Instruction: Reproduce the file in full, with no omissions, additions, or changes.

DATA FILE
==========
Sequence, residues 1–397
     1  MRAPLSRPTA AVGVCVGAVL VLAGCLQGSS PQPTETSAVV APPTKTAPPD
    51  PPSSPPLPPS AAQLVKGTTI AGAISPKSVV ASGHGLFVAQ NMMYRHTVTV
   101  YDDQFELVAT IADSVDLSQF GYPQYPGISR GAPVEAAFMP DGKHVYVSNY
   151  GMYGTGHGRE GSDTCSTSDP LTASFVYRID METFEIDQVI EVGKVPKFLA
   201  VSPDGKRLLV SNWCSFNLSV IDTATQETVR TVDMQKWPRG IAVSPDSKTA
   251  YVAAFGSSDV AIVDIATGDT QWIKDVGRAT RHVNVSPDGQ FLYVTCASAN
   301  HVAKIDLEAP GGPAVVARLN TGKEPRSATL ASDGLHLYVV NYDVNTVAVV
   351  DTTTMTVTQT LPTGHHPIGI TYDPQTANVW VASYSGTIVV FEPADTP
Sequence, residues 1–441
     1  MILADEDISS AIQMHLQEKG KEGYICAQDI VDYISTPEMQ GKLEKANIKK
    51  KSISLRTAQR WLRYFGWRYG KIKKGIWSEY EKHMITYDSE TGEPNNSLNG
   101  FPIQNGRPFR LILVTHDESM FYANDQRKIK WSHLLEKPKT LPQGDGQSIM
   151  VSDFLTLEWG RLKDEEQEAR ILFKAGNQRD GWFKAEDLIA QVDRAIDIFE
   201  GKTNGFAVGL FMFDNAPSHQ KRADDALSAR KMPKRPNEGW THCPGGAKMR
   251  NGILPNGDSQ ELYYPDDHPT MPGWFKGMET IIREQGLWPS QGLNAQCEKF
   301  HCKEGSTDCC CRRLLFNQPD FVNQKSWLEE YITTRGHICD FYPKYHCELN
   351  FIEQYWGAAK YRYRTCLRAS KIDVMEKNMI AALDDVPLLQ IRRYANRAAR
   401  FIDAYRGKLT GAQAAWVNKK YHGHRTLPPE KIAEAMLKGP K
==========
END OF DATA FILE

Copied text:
Sequence, residues 1–397
     1  MRAPLSRPTA AVGVCVGAVL VLAGCLQGSS PQPTETSAVV APPTKTAPPD
    51  PPSSPPLPPS AAQLVKGTTI AGAISPKSVV ASGHGLFVAQ NMMYRHTVTV
   101  YDDQFELVAT IADSVDLSQF GYPQYPGISR GAPVEAAFMP DGKHVYVSNY
   151  GMYGTGHGRE GSDTCSTSDP LTASFVYRID METFEIDQVI EVGKVPKFLA
   201  VSPDGKRLLV SNWCSFNLSV IDTATQETVR TVDMQKWPRG IAVSPDSKTA
   251  YVAAFGSSDV AIVDIATGDT QWIKDVGRAT RHVNVSPDGQ FLYVTCASAN
   301  HVAKIDLEAP GGPAVVARLN TGKEPRSATL ASDGLHLYVV NYDVNTVAVV
   351  DTTTMTVTQT LPTGHHPIGI TYDPQTANVW VASYSGTIVV FEPADTP
Sequence, residues 1–441
     1  MILADEDISS AIQMHLQEKG KEGYICAQDI VDYISTPEMQ GKLEKANIKK
    51  KSISLRTAQR WLRYFGWRYG KIKKGIWSEY EKHMITYDSE TGEPNNSLNG
   101  FPIQNGRPFR LILVTHDESM FYANDQRKIK WSHLLEKPKT LPQGDGQSIM
   151  VSDFLTLEWG RLKDEEQEAR ILFKAGNQRD GWFKAEDLIA QVDRAIDIFE
   201  GKTNGFAVGL FMFDNAPSHQ KRADDALSAR KMPKRPNEGW THCPGGAKMR
   251  NGILPNGDSQ ELYYPDDHPT MPGWFKGMET IIREQGLWPS QGLNAQCEKF
   301  HCKEGSTDCC CRRLLFNQPD FVNQKSWLEE YITTRGHICD FYPKYHCELN
   351  FIEQYWGAAK YRYRTCLRAS KIDVMEKNMI AALDDVPLLQ IRRYANRAAR
   401  FIDAYRGKLT GAQAAWVNKK YHGHRTLPPE KIAEAMLKGP K